Catholic Diocese of Spokane, Washington



From the

Official News Magazine of the Diocese of Spokane

Deacon Eric Meisfjord, Editor
P.O. Box 48, Spokane WA 99210
(509) 358-7340; FAX: (509) 358-7302


From the Washington State Catholic Conference: Assisted Suicide: Initiative 1000 – A Dangerous Proposal

the Washington State Catholic Conference

(From the Sept. 11, 2008 edition of the Inland Register)

July 3, 2008

Proponents have gathered signatures on an initiative, based on Oregon’s law, to legalize physician assisted suicide in Washington State. The initiative proposes a fundamental change in civil law that would allow physicians to prescribe lethal drugs to terminally ill patients who request them.

This initiative is contrary to Catholic teaching that life is sacred and that God alone is the true sovereign over life. Human dignity and worth are simply innate to our relationship to God and not dependent on our social usefulness. As Catholics we believe that a caring society assists persons with terminal illnesses, and their loved ones, to live as fully as possible the time they have left together.

Initiative 1000 reverses a longstanding social belief that considers suicide a tragedy. As a result of this reversal, the proposed initiative would have far reaching effects on the relationships between terminally ill persons, their physicians, and their family members. This measure undermines the implicit trust and confidence people have in a profession devoted to healing, comforting and protecting life. It also threatens family relationships because it lacks any requirement for family notification when individuals express the wish to take their own lives.

What about Oregon?

The proposed initiative is patterned after Oregon’s assisted suicide law. Narrowly approved by Oregon voters in 1994, the so-called Death With Dignity Act – the only law of its kind in the United States – is a good example of bad law. Only a few hundred deaths by assisted suicide have been reported, but the number of assisted deaths could be much higher as there are no sanctions for not reporting. Doctors prescribing a lethal dose of medication may not have known the patient. Patients who may be depressed can take their lives in Oregon without their family being notified until it is too late, and the number of patients referred for mental health evaluation has been negligible. Records are retained for only one year and provide few details because there is no oversight, nor mandatory reporting of abuses. There are also inadequate safeguards against abuse.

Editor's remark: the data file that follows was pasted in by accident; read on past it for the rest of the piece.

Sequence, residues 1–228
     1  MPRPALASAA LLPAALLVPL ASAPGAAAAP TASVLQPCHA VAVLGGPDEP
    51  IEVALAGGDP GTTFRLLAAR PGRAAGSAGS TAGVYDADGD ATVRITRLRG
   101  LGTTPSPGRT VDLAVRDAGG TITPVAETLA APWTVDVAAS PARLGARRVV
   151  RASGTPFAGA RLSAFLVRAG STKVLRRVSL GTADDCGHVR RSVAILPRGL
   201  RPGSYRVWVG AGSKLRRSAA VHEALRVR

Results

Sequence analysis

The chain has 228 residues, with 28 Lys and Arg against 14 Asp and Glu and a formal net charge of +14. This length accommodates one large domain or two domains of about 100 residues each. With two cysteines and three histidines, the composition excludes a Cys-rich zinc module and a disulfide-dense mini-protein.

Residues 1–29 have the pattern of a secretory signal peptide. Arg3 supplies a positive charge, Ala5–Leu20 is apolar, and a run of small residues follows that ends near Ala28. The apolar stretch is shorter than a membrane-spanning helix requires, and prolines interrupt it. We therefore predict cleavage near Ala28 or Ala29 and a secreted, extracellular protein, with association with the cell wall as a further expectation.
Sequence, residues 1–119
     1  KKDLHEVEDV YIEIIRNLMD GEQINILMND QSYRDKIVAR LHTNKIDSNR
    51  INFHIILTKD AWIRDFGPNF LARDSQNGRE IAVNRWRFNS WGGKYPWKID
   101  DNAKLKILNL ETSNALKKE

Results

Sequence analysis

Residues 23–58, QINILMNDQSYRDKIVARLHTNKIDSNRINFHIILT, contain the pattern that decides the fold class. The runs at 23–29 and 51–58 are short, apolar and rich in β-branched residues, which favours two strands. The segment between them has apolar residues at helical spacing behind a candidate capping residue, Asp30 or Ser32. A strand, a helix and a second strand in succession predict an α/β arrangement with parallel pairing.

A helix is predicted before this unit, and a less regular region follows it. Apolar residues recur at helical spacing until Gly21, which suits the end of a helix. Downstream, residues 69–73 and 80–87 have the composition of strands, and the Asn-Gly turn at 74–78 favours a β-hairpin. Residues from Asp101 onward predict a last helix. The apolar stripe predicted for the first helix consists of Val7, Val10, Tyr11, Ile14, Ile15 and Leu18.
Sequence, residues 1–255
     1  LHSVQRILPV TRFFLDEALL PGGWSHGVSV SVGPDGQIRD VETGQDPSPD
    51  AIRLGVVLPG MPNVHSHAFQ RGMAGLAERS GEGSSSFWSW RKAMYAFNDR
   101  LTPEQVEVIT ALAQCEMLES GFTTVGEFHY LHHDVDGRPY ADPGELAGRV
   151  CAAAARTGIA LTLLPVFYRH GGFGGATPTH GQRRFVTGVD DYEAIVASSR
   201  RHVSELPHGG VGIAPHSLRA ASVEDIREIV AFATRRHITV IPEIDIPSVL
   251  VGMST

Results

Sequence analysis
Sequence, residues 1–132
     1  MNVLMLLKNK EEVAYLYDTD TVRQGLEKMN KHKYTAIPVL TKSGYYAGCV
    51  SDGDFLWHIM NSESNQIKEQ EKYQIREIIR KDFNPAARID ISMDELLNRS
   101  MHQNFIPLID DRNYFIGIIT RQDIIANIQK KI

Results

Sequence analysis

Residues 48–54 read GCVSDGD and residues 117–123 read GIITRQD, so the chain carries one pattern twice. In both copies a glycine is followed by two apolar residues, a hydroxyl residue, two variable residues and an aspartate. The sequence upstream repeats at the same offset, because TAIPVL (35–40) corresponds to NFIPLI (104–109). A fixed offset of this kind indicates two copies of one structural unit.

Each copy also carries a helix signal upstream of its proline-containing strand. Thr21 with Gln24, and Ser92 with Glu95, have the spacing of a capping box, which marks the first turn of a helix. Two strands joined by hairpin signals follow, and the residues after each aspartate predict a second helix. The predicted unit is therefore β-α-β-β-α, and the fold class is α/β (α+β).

What are the dangers?

Most terminally ill patients experience some depression. However, if Initiative 1000 becomes law, those suffering from depression could still receive lethal medication because mental health evaluations are not required. Assisting in a suicide would turn the care-giving relationship between physicians and vulnerable patients upside down. Once committed solely to the well-being of their patients, physicians would be legally allowed to help their patients kill themselves. If voters say “no” to Initiative 1000, doctors and other care-givers will retain their age old mandate to provide treatment, control pain and support the terminally ill so they no longer feel the need to take their own lives.

Who opposes Initiative 1000?

The Coalition Against Assisted Suicide includes doctors, nurses, hospice workers, disability rights activists, religious leaders, and many citizens. Their website can be found at www.noassistedsuicide.com.

The Washington State Medical Association opposes Initiative 1000. The National Hospice & Palliative Care Organization does not support assisted suicide.

A detailed and growing list of people and organizations that oppose assisted suicide can be found at http://www.noassistedsuicide.com/page.php?2.

What you need to know about Initiative 1000 if it becomes law

Initiative 1000:
• Fundamentally changes civil law.
• Fails to provide adequate safeguards.
• Undercuts the relationship between physicians and their patients.
• Lacks requirements for mental health evaluations.
• Lacks requirements for family notification.
• Places uninsured people and individuals with disabilities at risk.


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